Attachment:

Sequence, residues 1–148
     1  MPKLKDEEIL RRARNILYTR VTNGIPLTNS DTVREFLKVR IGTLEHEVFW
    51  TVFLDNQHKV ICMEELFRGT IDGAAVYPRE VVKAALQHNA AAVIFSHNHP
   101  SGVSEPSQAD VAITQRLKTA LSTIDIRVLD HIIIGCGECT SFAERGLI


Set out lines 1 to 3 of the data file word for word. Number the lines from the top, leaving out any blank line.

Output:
Sequence, residues 1–148
     1  MPKLKDEEIL RRARNILYTR VTNGIPLTNS DTVREFLKVR IGTLEHEVFW
    51  TVFLDNQHKV ICMEELFRGT IDGAAVYPRE VVKAALQHNA AAVIFSHNHP